THE EDITOR: Wednesday was a tough day. As a physician, it felt as though the crime had again touched home when we learned of the kidnapping of two colleagues and the subsequent demise of one of them.
The memory of the robbery and murder of Dr Latchman from Sangre Grande in 2018 is still fresh in the minds of many. And yet this is not isolated. Many citizens face anxiety and anguish from the criminal element which has held us hostage in our land, met only with words and promises, but seemingly no action.
Many took to media, understandably outraged. They questioned the order of natural justice as they saw alleged criminals receiving emergency care ahead of suffering citizens. Many people even volunteered suggestions as to what they would do if they were a physician at the institution. All understandable feelings.
Whenever I feel life becoming a conflict, I go to the Bhagavad Gita for comfort. The verse that spoke to me was in chapter 18, verse 47: “It is better to do your duty, even though imperfectly, than to do another’s duty, even though perfectly. By doing your innate duty, one does not incur sin.”
It is the duty of a physician, especially in the public sector, to provide healthcare in some capacity to all.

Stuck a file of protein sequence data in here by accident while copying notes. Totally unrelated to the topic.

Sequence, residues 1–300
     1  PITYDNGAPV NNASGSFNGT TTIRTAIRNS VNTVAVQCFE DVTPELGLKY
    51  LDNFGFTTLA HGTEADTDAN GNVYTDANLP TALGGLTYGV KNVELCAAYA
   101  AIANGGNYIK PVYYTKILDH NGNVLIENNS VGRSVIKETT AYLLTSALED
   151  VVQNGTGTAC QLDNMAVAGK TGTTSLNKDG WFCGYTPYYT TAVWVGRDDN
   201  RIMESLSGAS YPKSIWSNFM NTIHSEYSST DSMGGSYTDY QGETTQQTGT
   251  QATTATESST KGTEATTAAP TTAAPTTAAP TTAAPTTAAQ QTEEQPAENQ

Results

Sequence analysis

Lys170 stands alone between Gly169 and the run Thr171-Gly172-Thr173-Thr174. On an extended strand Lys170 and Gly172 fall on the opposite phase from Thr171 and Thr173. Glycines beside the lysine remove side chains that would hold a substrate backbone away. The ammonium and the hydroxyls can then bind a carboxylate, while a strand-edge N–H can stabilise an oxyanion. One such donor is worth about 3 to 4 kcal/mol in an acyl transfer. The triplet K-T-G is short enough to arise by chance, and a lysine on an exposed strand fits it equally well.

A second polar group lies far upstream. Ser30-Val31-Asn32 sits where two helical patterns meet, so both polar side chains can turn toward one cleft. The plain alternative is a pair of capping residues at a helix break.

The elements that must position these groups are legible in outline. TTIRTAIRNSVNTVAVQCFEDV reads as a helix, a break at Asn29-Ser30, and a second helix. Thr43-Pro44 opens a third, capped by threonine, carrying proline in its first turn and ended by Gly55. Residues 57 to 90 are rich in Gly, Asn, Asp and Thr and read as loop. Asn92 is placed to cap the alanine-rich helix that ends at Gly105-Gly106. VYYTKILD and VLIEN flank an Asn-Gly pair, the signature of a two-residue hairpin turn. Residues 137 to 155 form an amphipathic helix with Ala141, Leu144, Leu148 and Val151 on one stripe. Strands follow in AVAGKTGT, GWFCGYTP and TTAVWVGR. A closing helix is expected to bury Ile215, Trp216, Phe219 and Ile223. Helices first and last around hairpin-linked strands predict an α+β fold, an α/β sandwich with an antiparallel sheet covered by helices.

I reflected further on the spiritual directive. If doctors were to take the duty of criminal justice into their hands, then society will decay. If a taxi driver were to take up the responsibility of a doctor in the hospital, the outcome would be unfortunate.
Everyone must do their duty and do it well. The police need to do their function with diligence and pride. The justice system needs to dispense according to the crime expeditiously and with the intensity required. Our leaders need to do their duty and serve the people on issues that matter (like crime) as though we are their brothers, sisters, mothers, fathers, or children.
If the parents of “good boys” had done this duty well, they perhaps would have gifted our nation with blessings rather than menaces to society. If everyone would do what they are supposed to do well, then maybe we will not be in the state we are today.
I long for the day when every citizen can feel safe again because there is some sanctity for decency and life in our society.